Did Nelson Mandela Give Us Something to Think About This Easter weekend?

The Easter message focuses on resurrection, the denial of death and the assertion of life. It is about living in the light, moving beyond idols with limited possibility, forgiveness and living our highest possibility connected to the Divine. But is this a message we embrace?
04/19/2014 01:54 pm ET Updated Jun 19, 2014

We all know that Nelson Mandela was one of the world's greatest leaders and statesman of the 20th century but have we considered his life's lesson, the embodiment of Ubuntu? Ubuntu is an African word reflecting a deeply spiritual paradigm that holds all of life as Divine. Ubuntu teaches us that our highest priority must be to nurture all forms of life in order to create a fulfilling, compassionate and sustainable Earth. In the English language, it means Oneness.

We don't tend to think of Nelson Mandela as a spiritual leader, but when we stand back and look at the whole of his life, and the way he forgave those who imprisoned his country and him personally for 27 years, we must ask how he became transformed and what lessons might we take away.

Nelson Mandela spoke often of Ubuntu and once said, "When we were young, a traveler through a country would stop at a village, and he didn't have to ask for food or water; once he stops, the people give him food and entertain him. That is one aspect of Ubuntu, but it will have various aspects. Ubuntu does not mean that people should not address themselves. The question is, are you going to do so in order to enable the community around you, and enable it to improve?"

Like all great leaders, Mandela spent more time embodying his message, than talking about it. He was a living demonstration of lessons in how to forgive and how to inspire. Mandela prayed in private, letting his actions speak for him.

The Easter message focuses on resurrection, the denial of death and the assertion of life. It is about living in the light, moving beyond idols with limited possibility, forgiveness and living our highest possibility connected to the Divine. But is this a message we embrace?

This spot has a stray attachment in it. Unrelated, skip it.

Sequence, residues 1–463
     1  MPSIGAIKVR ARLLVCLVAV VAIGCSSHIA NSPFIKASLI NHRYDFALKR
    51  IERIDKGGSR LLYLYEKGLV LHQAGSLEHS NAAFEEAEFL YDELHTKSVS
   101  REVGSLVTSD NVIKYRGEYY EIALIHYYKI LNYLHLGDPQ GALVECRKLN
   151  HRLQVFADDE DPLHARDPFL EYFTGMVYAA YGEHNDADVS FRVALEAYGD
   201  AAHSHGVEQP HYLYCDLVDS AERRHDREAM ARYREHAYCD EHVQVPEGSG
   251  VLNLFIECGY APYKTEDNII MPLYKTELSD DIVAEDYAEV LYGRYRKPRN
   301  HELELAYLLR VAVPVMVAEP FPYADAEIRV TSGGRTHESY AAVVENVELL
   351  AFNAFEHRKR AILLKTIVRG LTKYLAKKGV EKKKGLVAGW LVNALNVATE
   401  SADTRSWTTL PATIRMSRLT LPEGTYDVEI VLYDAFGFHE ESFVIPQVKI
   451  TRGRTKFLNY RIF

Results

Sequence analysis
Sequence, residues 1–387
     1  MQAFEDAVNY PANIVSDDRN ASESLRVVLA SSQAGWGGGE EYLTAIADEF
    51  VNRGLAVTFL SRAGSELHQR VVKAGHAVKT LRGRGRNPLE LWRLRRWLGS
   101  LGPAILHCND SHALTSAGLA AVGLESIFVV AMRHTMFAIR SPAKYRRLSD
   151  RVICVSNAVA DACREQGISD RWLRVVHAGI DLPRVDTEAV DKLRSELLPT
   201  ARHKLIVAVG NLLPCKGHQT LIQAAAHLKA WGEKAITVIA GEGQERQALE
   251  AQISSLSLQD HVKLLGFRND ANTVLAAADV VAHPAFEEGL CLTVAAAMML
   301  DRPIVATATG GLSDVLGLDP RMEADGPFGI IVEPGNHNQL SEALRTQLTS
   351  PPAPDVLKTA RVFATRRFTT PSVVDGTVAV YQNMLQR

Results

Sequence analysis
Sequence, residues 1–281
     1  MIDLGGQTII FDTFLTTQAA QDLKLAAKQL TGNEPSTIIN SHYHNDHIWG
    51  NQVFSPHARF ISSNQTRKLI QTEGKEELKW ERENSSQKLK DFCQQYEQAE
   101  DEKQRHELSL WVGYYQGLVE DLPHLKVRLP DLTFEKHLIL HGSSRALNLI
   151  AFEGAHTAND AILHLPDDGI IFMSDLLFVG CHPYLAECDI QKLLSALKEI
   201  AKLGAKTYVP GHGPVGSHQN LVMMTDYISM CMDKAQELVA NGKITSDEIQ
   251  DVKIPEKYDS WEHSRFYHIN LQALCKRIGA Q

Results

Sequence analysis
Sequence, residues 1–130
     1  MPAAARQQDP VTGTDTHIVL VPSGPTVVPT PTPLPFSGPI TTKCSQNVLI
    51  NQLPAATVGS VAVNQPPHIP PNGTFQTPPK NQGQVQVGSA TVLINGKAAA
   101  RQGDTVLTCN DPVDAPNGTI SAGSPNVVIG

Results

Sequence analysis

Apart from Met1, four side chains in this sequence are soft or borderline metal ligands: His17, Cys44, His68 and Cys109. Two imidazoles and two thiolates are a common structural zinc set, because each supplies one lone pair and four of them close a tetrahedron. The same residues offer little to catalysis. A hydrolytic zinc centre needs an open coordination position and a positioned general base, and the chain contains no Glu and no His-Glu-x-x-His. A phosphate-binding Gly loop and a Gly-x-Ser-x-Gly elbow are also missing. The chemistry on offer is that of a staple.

Often our spirituality is confined to a brief church experience on Sunday but this was never the intent of the world's great religious traditions. Early religious teachings were about the embodiment of love; to love God, the Divine, with all our heart, soul, strength and mind and to love others as ourselves.

Mandela's spirituality was a spirituality for daily living. It was spirituality for the street. Mandela favored collaboration over competition, compassion over retribution and inclusivity over exclusivity. The Nelson Mandela Foundation's official biography states, "Despite provocation, he never answered racism with racism. His life was an inspiration to all who are oppressed or deprived."

Just as Gandhi left a legacy of non-violent resistance, Mandela left a legacy embodying Ubuntu/Oneness. Already his example is emerging as a powerful force in climate change talks, organizational design, sports, technology, business, culture and more.

Mandela would often acknowledge his shortcomings and certainly did not consider himself a saint. Perhaps Mandela again shows the way. We needn't walk on water or be perfect to make a difference in our own life or in the world around us.

Nelson Mandela's life example gives us many things to deeply consider. Do we make time to commune with the Divine within, to become transformed by its grace and beauty? Are we integrating this spirituality into our daily life? Are we taking wonderful care of our self, our family, community and the world around us? It is never too late to start and perhaps this weekend is the time to begin.

Steve Farrell is the Worldwide Coordinating Director for Humanity's Team. Humanity's Team will posthumously present Nelson Mandela with its 2014 Spiritual Leadership Award at Freedom Park in Pretoria, South Africa on Sunday, July 27. Humanity's Team is a global grassroots spiritual movement with over 100,000 members in over 150 countries. www.humanitysteam.org